I have had a reply from the German Embassy in London and part of their reply is below. Their advice for exhibition installs is that there is no temporary arrangement as yet and to seek individual legal advice before committing to a contract. There is ,however, a grey area for music or installing a stand for a cultural event, so heed the advice and check before you engage in a contract.
"British citizens require a visa and/or residence permit for any stay beyond 90 days within any 180 day period or involving any activity considered gainful employment.
Some activities may not be considered employment such as standard business travel, academic exchanges and concerts or other cultural performances if within certain time limits. Check with your host or take legal advice whether you require a visa authorizing employment. The Embassy is not authorized to provide you with individual legal advice."
On my many travels I have been lucky to meet many delightful people and companies that value my work and input and one of these is Eventful Management in Munich. Edwin Courts is a very reliable source of information on Germany and has the "in country" knowledge to help your project should you wish.
He is happy to be contacted on firstname.lastname@example.org
You can also find information on starting work or carrying out work in Germany at
I have had nothing useful from either the Spanish Embassy in London or the British Embassy in Madrid apart from a lot of references.
There is also in most of the documents a mention of "highly qualified professional" and also "Possess the required professional qualification or accredited experience, sufficient in the exercise of the professional activity, as well as, where appropriate, membership when required". This may be an avenue to explore with a good CV but it still requires a Visa process. Try this link as your step off point.
Its convoluted in Spain, but I have no doubt that the importance of UK companies in Barcelona for instance, for major exhibitions, has not gone unnoticed and something will be worked out soon.
It is to be understood from my blog that I am currently talking in ideal working situations. The reality is that most borders from the UK are currently closed to travellers unless for humaitarian reasons and absolute essential travel. The Embassies reflect this and all the 5 above have restrictions on applications for Visas and permits, where they are required, and are only processing emergency visas at the moment.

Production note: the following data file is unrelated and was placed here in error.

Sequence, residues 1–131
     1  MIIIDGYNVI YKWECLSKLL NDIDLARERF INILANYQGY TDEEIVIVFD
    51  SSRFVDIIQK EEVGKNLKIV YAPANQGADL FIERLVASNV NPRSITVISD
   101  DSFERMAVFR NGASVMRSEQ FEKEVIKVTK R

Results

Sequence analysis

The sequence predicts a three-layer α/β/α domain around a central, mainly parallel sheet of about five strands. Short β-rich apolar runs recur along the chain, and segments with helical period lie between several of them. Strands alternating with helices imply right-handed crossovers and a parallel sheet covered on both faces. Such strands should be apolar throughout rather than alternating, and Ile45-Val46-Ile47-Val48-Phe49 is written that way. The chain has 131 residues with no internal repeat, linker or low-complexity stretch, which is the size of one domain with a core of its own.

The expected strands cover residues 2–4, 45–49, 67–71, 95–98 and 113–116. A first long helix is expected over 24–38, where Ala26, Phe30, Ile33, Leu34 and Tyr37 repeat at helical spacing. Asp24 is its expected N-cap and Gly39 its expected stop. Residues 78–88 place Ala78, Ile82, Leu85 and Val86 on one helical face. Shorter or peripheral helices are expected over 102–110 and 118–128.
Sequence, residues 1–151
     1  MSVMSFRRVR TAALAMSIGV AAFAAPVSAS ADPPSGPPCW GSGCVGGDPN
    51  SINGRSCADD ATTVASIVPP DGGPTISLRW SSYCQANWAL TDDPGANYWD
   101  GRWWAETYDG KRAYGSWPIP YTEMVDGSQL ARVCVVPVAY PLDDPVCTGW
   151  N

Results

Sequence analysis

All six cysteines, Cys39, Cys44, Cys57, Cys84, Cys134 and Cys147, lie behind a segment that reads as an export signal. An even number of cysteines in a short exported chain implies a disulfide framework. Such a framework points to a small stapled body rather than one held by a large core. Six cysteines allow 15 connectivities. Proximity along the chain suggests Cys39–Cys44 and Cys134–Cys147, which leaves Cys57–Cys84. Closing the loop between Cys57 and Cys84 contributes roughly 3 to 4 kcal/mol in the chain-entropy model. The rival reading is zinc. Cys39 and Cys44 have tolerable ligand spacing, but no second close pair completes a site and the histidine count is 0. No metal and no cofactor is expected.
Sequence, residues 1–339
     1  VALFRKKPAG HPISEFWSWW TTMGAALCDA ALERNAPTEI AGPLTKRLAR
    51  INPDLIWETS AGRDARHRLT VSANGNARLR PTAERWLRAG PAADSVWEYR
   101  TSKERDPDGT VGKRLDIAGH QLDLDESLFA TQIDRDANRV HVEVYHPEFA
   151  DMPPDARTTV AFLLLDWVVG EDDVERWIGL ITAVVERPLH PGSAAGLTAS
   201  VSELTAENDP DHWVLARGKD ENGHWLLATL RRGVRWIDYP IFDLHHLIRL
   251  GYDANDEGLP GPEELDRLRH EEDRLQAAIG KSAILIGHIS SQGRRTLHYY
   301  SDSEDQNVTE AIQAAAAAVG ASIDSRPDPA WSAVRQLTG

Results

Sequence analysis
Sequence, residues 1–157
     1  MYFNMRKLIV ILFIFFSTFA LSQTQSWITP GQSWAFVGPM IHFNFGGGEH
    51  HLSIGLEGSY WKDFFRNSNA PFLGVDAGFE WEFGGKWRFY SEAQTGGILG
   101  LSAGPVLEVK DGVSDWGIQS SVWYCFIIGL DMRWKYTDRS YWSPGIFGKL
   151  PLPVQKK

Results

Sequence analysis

Please also bear in mind the burden of proof for why you are travelling, for what you say you are travelling for, is entirely yours, not the Customs officers' and that extra documents are required for all countries in the EU even if no visa requirements are needed, as partly detailed in the Italian section.
The major caveat to all this information is, it will change, and hopefully after Friday 8th February when the petition put forward by Tim Brennan for a Visa free work permit for Touring Professionals and Artists is debated in Parliament, we may see a push for quick change. Good luck this Friday Tim.
For Penhaligon Event Consultants like so many others, we have lost the ease of access to major markets that we had before, and with the exception of France we have lost some major markets like Spain and Germany, which will see a reduction of 25% of our business if production companies decide to use local companies instead.
The upside is that if production companies or tech companies are looking in Italy, we are here, legally, as well as in the UK, to support, project manage, source suppliers, carry out your design and build requirements and help develop projects as required. www.penhaligonec.com
So as I embark on another week of job searching and working out how to get back on the event industry bucking bronco, a quick thank you to the kind words of reassurance I receive from readers, you know who you are.
I try to only give facts from official sources for my Blog as there are lots of places to hear opinions and incorrect information, so hopefully this will steer you where you need to be on your future projects, and if I have missed anything, I am happy to include your input next week.